Cooper crest

GIS Story Map

Special thanks to Mike Ruth and students Kris Catlin and Robin Vance for this GIS Story Map

A forested wetland on the highest hill of Olympia is no more. Over 20 acres of legacy forest at Cooper Point Road NW and 20th Avenue NW were clearcut in July 2022. The site is a part of the Green Cove Creek watershed that borders the City’s Cooper Crest Open Space and the creek, and is close to the Evergreen State College’s environmental preserve and old growth forest.


Clearcutting destroys an area’s ecological integrity in many ways. Our forests provide abundant and pure water, a stable climate, wildlife habitat, and clean air. This area includes the headwaters of one arm of the Green Cove Creek, which is Olympia’s best potential salmon recovery habitat. The site:

  • Is a critical area for aquifer recharge,
  • provides habitat to threatened species, and
  • stabilizes the slope to prevent landslides.

The loss of this forest creates conditions that greatly exacerbate the possibility of:

  • flooding,
  • fire,
  • landslides,
  • contamination of ground and surface waters,
  • damage to road and culvert infrastructure, and
  • destruction of fish habitat.

Since this area has an extremely high pressure aquifer where water seeps out of the 320-foot high hill and flows in all directions, water is likely to come up and out faster when the ground is cut open by logging. The presence of this aquifer increases the risk of landslides and significant erosion.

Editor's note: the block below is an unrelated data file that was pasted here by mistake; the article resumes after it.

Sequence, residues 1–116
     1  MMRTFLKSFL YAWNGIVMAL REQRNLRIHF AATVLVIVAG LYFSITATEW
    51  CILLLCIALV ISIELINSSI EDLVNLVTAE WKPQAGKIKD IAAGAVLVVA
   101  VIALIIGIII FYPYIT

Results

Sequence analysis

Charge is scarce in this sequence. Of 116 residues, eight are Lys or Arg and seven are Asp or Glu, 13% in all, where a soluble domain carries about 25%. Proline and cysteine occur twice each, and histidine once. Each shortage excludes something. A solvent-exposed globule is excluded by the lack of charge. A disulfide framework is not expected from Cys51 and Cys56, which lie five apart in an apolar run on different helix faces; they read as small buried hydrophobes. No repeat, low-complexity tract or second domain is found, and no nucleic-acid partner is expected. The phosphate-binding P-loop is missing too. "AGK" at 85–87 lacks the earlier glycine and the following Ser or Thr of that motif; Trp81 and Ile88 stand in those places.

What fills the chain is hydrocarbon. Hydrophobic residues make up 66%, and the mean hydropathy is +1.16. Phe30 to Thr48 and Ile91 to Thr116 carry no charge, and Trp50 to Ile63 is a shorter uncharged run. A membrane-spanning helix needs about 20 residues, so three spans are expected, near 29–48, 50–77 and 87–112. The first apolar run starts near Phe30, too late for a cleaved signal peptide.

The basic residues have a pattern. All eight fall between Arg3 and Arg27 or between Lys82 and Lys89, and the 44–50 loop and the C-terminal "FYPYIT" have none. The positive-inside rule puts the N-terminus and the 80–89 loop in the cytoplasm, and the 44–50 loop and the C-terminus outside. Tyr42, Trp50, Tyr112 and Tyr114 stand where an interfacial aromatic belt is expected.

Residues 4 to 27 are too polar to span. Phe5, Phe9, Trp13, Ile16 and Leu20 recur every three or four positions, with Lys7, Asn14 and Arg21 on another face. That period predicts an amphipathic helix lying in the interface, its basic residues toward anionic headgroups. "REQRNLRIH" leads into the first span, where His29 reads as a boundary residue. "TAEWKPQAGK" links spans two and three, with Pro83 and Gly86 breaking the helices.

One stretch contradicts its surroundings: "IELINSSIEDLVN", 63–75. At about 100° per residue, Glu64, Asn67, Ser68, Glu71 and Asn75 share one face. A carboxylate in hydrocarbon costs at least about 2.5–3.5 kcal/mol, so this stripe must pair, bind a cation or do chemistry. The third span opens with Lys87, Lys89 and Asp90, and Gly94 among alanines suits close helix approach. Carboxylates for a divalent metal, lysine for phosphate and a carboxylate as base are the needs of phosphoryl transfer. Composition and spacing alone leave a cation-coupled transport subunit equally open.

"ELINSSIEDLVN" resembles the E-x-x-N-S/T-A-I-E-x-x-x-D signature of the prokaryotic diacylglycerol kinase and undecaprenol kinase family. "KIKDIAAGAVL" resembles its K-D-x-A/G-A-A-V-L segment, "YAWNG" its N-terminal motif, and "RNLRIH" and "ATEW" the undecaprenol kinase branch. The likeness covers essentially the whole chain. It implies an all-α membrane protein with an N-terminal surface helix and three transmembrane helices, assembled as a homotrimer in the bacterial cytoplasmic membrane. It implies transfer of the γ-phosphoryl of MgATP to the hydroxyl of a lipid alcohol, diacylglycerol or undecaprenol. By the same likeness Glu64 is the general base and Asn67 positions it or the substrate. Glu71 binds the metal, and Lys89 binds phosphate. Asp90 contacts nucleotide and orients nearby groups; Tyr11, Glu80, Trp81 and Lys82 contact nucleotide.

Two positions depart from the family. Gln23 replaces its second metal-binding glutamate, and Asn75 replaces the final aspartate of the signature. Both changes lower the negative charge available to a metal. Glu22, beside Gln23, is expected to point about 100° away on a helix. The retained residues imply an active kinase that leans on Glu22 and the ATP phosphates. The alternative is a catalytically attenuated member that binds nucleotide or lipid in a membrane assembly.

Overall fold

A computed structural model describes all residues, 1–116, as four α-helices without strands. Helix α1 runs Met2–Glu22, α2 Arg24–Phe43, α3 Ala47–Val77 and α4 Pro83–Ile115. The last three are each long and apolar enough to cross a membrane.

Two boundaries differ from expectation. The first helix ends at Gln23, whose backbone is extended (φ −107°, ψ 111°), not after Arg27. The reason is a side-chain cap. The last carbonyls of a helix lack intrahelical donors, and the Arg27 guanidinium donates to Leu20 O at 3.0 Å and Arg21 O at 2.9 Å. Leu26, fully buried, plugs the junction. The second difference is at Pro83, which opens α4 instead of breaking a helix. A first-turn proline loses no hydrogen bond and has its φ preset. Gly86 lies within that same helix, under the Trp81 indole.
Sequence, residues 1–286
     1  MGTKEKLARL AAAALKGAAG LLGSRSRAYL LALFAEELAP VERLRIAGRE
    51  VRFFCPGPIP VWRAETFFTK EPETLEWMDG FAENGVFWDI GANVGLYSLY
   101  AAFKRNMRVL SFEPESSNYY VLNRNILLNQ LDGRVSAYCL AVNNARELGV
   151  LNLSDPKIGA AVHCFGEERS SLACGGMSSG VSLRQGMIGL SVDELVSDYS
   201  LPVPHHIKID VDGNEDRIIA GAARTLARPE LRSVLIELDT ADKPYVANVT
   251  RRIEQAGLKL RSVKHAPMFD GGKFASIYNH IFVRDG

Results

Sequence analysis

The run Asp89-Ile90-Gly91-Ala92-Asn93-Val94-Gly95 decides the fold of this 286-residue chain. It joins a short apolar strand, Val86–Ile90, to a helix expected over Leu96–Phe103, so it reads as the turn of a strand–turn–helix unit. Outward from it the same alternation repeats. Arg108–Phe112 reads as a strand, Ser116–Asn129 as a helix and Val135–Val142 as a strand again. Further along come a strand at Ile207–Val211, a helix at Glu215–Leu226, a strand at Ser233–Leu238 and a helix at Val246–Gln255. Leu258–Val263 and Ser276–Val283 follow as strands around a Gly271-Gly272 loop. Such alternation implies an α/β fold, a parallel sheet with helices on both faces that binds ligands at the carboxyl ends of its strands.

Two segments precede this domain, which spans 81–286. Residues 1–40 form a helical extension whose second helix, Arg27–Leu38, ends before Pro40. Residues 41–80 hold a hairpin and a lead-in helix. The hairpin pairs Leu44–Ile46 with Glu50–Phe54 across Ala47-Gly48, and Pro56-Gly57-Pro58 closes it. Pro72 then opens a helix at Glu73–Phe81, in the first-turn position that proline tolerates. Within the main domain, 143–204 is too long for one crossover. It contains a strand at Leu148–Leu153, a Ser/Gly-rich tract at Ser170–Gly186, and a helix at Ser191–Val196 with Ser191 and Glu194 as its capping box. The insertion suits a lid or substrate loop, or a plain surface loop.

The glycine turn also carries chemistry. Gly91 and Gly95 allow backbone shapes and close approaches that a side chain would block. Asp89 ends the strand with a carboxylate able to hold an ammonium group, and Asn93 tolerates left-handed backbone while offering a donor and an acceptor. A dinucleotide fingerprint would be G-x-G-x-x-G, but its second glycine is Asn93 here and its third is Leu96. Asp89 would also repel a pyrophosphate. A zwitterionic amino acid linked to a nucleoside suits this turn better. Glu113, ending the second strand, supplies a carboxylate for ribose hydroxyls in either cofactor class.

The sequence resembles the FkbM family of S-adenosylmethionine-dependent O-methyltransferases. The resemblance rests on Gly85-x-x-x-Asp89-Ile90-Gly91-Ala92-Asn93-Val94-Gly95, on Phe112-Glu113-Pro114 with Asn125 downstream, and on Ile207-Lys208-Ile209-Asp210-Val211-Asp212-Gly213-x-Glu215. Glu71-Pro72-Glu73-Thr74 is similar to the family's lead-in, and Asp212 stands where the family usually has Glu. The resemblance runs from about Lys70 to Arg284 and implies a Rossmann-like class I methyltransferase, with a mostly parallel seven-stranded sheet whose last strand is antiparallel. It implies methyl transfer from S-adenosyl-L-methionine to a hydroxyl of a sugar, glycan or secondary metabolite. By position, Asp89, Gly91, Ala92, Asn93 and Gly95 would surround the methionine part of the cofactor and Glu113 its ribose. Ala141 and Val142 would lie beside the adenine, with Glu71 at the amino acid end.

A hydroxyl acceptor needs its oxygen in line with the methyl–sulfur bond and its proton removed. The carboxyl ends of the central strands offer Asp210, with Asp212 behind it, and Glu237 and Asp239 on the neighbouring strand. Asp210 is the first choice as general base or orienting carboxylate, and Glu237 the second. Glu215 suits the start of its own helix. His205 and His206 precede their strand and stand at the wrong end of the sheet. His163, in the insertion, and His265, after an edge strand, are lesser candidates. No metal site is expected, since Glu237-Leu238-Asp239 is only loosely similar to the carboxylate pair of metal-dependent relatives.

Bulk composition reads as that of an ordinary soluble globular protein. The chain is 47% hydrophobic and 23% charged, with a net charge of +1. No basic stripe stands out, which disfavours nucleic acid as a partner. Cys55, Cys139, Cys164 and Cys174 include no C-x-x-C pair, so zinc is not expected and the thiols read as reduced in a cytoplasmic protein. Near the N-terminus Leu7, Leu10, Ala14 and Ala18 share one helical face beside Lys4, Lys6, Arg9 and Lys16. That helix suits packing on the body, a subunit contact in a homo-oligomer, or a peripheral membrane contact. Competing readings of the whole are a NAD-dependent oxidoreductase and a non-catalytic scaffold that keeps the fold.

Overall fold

Logging this hillside runs directly counter to the recommendations of the 1998 Green Cove Creek Comprehensive Drainage Basin Plan, on which the City of Olympia and Thurston County are signatories, and the Governor’s call for action to confront climate change, voiding decades of community planning for the present and future well-being of residents and wildlife.


But there is one piece of good news in this troubling story: OlyEcosystems has purchased this land and will – with community support – slowly restore this once-beautiful forest back to health. Updates on our progress may be found at the link to our virtual fence for this site.

Funding permitting, before the rains come this fall, we are aiming to complete major erosion control measures, mitigation of the trash, slash piles and logging road left by the previous owners, and installation of new trails shown on the map below in red. Thanks to generous donations and partnerships, we have all funds needed to complete this work, with the exception of gravel for the new trails. Funding permitting, we will complete this work by mid-October, and then be prepared to shift into the most ambitions planting season we have had to date.